Rhododendron Maximum (Great Rhododendron)

Rosebay Rhododendron, Great Laurel Seeds (Rhododendron Maximum)

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Rhododendron maximum, it's common names include great rhododendron, great laurel, rosebay rhododendron, American rhododendron and big rhododendron, is a species of Rhododendron native to the Appalachians of eastern North America, from Nova Scotia south to northern Alabama.

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Rhododendron maximum, it's common names include great rhododendron, great laurel, rosebay rhododendron, American rhododendron and big rhododendron, is a species of Rhododendron native to the Appalachians of eastern North America, from Nova Scotia south to northern Alabama. R. maximum is an evergreen shrub growing to 4 m (13 ft), rarely 10 m (33 ft), tall. The leaves are 9–19 cm (3–8 in) long and 2–4 cm (0.75-1.5 in) broad. The flowers are 2.5–3 cm (1 in) diameter, white, pink or pale purple, often with small greenish-yellow spots. The fruit is a dry capsule 15–20 mm (.60-.79 in) long, containing numerous small seeds. The leaves can be poisonous. Leaves are sclerophyllous, simple, alternate, and oblong (10 to 30 cm long, 5 to 8 cm wide). It retains its waxy, deep-green leaves for up to 8 years, but once shed are slow to decompose. It produces large, showy, white to purple flowers each June. R. maximum is the state flower of the U.S. state of West Virginia. R. maximum has also been called : Great Rhododendron, Late Rhododendron, Summer Rhododendron, Great Laurel, Bigleaf Laurel, Deertongue Laurel, Rose Tree, Rose bay, Bayis, Mountain Laurel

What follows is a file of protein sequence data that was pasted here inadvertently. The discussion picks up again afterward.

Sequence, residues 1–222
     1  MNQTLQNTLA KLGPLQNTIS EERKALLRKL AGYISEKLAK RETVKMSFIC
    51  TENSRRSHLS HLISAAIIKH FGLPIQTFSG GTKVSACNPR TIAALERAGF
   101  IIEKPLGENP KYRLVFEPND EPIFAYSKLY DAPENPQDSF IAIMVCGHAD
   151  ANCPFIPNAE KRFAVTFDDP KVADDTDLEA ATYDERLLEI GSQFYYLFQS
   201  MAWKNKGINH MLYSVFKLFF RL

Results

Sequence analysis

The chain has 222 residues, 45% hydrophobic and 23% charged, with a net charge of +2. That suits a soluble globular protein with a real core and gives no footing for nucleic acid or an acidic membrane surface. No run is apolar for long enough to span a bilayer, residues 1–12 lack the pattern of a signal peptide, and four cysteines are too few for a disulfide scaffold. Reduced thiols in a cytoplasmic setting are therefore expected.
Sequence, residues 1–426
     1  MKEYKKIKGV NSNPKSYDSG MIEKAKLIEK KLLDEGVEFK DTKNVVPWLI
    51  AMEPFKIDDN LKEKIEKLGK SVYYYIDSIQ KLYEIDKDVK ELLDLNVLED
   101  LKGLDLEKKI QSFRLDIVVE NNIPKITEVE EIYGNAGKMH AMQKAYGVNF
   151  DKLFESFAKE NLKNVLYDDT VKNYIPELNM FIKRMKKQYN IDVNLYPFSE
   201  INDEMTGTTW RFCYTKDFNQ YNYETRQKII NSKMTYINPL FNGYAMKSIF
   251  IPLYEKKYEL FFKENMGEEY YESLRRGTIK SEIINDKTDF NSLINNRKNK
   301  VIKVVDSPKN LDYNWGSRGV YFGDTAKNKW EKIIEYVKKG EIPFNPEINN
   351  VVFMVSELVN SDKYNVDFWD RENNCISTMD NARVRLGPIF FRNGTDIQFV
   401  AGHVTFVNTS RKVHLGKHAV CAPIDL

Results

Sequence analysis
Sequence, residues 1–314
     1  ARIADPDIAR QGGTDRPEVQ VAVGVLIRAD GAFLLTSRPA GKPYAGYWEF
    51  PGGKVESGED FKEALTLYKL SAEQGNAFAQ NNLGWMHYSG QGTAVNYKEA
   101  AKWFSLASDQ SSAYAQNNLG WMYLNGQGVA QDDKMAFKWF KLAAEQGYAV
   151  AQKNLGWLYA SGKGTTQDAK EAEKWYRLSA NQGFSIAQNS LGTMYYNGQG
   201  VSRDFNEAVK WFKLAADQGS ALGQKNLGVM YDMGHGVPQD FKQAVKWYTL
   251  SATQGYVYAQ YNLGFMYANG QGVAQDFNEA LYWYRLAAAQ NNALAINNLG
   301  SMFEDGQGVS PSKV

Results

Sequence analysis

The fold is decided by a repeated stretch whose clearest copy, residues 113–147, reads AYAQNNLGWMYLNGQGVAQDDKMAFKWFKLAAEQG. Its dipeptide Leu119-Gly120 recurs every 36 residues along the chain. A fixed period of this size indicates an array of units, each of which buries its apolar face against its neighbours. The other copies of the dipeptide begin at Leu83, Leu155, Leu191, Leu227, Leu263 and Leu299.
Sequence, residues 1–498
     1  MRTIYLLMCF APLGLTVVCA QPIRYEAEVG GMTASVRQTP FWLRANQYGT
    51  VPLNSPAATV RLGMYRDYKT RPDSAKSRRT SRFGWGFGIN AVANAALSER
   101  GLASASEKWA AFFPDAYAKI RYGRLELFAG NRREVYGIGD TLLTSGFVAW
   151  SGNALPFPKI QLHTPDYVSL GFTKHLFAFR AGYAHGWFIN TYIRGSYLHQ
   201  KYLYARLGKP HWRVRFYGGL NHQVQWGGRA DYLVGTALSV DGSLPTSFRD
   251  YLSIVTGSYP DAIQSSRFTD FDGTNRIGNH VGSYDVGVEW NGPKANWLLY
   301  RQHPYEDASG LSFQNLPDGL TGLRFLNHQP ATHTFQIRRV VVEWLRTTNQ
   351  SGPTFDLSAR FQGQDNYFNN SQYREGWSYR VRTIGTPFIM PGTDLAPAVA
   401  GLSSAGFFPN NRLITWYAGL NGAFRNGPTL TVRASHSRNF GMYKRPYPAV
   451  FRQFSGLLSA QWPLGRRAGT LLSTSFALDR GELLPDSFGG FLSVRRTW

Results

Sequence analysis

Label Rhododendron maximum
Common name Rosebay Rhododendron, Great Laurel
Family Ericaceae
Genus Rhododendron
Species Rhododendron maximum
Cultivar No
Therapeutic uses Rosebay rhododendron is a striking and aesthetically pleasing feature of mesic southern Appalachian forests. It is one of the largest and hardiest rhododendrons grown commercially. Several cultivars with white to purple flowers have been selected for the horticultural trade (Brown and Kirkman 1990). Where it occurs naturally, it produces a showy, white, pink, or light purple flower primarily in June, but occurs from March into August. Rosebay rhododendron maintains deep-green foliage year round. This species affords protection to steep watersheds and shelter for wildlife. The wood is very hard and is occasionally used for specialty wood products.
Germination Seeds from rosebay rhododendron are minute and it is estimated that approximately 11 million are contained in 1 kg. Commercial seed production is generally from cultivated hybrids. Seeds from wild sources are not commonly sold commercially. Rosebay rhododendron is a slow-growing shrub and has a very high sprout potential. If mechanical removal is attempted in the case of forest management, extremely high densities are attained by this species in a manner of a few years. Prescribed fire has also been used to control this species but with limited success (Clinton and Vose 2000).
Scarification / Stratification No

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